Saturday, August 24, 2013

Little Joe by Michael E. Glasscock III

Rating: ★ ★  ☆ ☆
Obtained from: Netgalley
Read: August 22, 2013

When Little Joe Stout survives the car accident that took his parents’ lives, he is sent to live with his maternal grandparents in the small town of Round Rock, Tennessee. Orphaned and missing his Texas home, Little Joe is reluctant to adapt. But his grandparents, especially his grandmother, are up to the challenge of raising him despite their own struggles. Soon, childhood friendships are forged in the oddball duo of Sugar and Bobby, and—with the help of a new canine companion—Little Joe begins to see that his new home offers the comfort and love he thought was lost forever. Set against the drama of World War II and the first sparks of the civil rights movement, Little Joe’s new home is a microcosm of America in the 1940s. A frightening incident with a Chinese motorist traveling on the wrong side of town, the migration of troops across the countryside, and a frank discussion of Jim Crow laws are just a few of the local events mirroring the radio broadcasts that bring the news of the day into his grandmother’s kitchen. Little Joe begins a four-part series from Michael E. Glasscock III that explores the intricate social cloth of Round Rock, Tennessee.

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Freedom From Want
by Norman Rockwell
Michael Glasscock's Little Joe reminds me of a Norman Rockwell painting. Covering everything from prejudice and racism to the harsh realities of farm life, Glasscock creates a very authentic portrait of small town America in the shadow of World War II. Unfortunately, his touch and go style of storytelling makes the narrative equally one dimensional. 

I guess what I'm trying to say it what works on an easel doesn't translate as well in fiction. Glasscock does an excellent job illustrating Little Joe's situation, but he always seems to stop short of letting his readers under his protagonist's skin and experiencing the tumultuous spectrum of emotions running wild within him.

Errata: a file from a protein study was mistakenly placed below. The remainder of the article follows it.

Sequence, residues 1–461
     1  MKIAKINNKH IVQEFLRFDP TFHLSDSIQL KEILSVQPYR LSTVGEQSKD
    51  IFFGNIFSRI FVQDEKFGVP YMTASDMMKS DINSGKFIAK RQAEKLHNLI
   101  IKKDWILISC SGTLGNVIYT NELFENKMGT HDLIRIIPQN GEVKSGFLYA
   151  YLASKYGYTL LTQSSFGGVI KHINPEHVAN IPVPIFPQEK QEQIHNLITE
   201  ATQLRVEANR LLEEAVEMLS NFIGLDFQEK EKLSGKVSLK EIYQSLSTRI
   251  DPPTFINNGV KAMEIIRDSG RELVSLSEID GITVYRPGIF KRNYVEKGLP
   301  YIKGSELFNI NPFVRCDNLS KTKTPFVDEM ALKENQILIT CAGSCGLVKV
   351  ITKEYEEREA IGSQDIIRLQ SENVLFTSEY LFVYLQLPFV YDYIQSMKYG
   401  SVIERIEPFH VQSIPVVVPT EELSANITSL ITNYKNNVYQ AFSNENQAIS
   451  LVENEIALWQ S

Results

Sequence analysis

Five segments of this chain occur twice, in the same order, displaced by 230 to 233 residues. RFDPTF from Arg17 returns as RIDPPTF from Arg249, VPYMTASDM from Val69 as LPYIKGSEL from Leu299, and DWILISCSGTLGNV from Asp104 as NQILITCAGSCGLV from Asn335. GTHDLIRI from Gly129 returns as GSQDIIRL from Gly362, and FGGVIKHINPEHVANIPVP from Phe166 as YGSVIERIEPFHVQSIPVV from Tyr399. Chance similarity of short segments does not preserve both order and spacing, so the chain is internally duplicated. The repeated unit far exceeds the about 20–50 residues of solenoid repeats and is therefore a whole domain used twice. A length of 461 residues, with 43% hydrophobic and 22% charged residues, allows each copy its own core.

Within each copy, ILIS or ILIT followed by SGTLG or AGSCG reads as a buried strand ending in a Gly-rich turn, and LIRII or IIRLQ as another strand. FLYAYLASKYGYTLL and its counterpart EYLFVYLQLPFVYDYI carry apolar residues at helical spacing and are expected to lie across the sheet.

The mechanical problems in this piece doesn't end with the lack of character development either, there are several elements that treated this way. For example, Glasscock spends a lot of time developing Little Joe's affection for Chicken Little, but doesn't allow it to go anywhere. There is a brief discussion about the injustice of the Jim Crow laws, but the narrative never returns to explore the material. We encounter the prejudice felt by Asian Americans as war waged in the Pacific and short of a single letter of thankful correspondence late in the novel, this component also falls flat. See what I mean about touch and go?

A great idea, but the execution wasn't as convincing as I needed it to be. Hoping the follow next installment of the Round Rock series, The Trial of Dr. Kate, is more satisfying. 

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“I know you miss them. I miss them, too. It’s terrible to lose your parents when you’re so young. My heart goes out to you, but you’ve got to deal with it. They’re gone, and there’s nothing either of us can do. And I know it’s difficult for you, living on a farm, but again, that’s just the way it is.”
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